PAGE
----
7. How often should you publish content?
  8. How will you distribute your content?
  9. Who is in charge of your content?
  10. Who will produce your content?
  11. Who is going to maintain the content?
  12. Who is responsible for the results?
  13. What’s your destination (core strategy)?

Want to learn more about these questions and the process behind this simple content marketing strategy?

Then check out the following article: 13 Simple Questions to Help You Draft a Winning Content Strategy.

And don’t forget to download the accompanying free worksheet.

There is one thing to keep in mind, though. You will probably have to perform some serious research before you can answer those questions.

Your content marketing strategy begins with this person

The person I’m talking about is your customer.

Your customer is the focal point of your content marketing strategy. You need a substantial, deep, and comprehensive understanding of who she is.

When you do, the strategy will write itself. You won’t have to guess or wonder. But a weak, flimsy, or flat-out wrong understanding of who your customer is will sink your strategy every time.

Check out these five resources to help you understand who your customer is:

Understanding your content

Once you thoroughly understand who your customer is, evaluate the content you already have.

This exercise will not only help you spot the gaps in your content that you need to fill, but it will also help you see that old content can become outdated and cost you top positions in search engines, cause user-experience failure, and more.

So, here are four resources to help you review your current content:

Measuring your content marketing efforts (conversion)

Ultimately, it comes down to this: how do you know if your content marketing strategy is working?

You’ll know if your content marketing strategy is working if you measure it.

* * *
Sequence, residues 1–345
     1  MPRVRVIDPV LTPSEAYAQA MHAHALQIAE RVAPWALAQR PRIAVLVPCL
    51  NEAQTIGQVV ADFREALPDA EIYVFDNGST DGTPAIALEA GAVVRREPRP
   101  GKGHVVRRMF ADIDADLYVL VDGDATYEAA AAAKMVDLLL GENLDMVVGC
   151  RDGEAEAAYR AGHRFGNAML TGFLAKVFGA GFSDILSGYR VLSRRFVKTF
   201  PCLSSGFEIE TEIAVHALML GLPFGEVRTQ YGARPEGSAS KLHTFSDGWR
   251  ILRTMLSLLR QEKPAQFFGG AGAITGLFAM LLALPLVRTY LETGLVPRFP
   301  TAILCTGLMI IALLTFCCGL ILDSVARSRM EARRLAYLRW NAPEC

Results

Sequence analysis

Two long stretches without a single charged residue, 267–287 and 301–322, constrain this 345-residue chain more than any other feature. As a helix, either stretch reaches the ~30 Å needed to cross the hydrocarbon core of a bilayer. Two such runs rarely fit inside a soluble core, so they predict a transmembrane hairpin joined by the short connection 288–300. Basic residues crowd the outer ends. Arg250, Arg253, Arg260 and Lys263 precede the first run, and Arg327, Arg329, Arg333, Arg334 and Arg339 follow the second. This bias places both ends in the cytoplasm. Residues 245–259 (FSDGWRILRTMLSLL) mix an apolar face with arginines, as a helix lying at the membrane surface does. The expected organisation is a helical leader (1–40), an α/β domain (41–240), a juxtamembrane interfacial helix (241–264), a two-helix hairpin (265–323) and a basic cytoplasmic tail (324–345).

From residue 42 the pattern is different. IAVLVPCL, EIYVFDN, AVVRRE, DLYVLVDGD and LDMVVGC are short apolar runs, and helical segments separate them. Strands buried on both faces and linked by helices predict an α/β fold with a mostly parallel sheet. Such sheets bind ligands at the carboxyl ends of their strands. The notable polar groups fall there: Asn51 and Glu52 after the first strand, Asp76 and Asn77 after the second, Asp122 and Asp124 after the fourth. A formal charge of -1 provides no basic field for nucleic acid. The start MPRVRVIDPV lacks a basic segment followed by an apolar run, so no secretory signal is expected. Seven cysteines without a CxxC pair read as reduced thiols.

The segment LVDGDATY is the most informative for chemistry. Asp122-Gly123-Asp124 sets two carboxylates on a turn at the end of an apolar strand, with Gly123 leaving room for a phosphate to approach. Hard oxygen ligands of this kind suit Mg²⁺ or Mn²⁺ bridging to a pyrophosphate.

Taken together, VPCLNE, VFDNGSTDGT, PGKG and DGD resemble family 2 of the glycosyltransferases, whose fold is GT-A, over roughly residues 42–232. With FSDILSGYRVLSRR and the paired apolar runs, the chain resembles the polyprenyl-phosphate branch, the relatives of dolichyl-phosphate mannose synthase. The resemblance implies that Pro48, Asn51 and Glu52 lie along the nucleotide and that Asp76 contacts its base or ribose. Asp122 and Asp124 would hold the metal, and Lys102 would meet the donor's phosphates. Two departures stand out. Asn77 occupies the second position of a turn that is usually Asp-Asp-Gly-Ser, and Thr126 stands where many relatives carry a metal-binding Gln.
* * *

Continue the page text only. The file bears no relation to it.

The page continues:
This is why question 13 on the content marketing strategy worksheet (What’s your core strategy?) is so important.

That core strategy should:

  • Give you room to stretch, fail, get back up, and grow
  • Allow you to adjust as your environment changes around you, without having to make a drastic change
  • Align with your values, so you’ll be able to sustain it and endure challenges over time

But how do you measure that? If you are like me and the words “analytics” and “measuring” make you uncomfortable, check out Mike King’s article:

That should keep you busy for a while.

For our Authority members, I want to point out an additional resource: Site Analytics Made Simple(r).

In this hour-long session, our Chief Operations Officer, Tony Clark, and Chief Content Officer, Sonia Simone, talk about:

  • Why content creators should have a basic understanding of web analytics
  • What tools you must use (forget about the rest and focus on these)
  • The essential metrics you should measure to get the best performance out of your content
  • What to do with the information once you have it

This is a great introduction to understanding the tools you need to successfully measure your content marketing strategy. Authority members can access the webinar here.

Your turn

So, do you have a content marketing strategy? Is it documented or a plan you keep in your head?

How did you go about creating it? Have any other tips you’d like to share with us to help other readers?

Leave us your thoughts and questions in the comments section below. We look forward to hearing from you.

The post What Is a Content Marketing Strategy? appeared first on Copyblogger.